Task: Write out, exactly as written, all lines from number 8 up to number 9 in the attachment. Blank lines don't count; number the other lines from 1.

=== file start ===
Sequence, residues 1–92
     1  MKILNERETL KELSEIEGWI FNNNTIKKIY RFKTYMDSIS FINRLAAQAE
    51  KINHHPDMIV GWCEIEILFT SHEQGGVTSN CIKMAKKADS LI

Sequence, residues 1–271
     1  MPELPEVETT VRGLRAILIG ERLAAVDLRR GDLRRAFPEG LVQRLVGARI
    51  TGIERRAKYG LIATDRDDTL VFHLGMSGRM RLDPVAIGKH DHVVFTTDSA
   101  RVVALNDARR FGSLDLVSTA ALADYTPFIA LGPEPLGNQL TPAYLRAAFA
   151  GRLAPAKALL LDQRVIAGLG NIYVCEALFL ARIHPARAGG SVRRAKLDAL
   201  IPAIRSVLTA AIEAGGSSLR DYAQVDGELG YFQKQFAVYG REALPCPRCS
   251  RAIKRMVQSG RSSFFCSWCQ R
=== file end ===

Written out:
   151  GRLAPAKALL LDQRVIAGLG NIYVCEALFL ARIHPARAGG SVRRAKLDAL
   201  IPAIRSVLTA AIEAGGSSLR DYAQVDGELG YFQKQFAVYG REALPCPRCS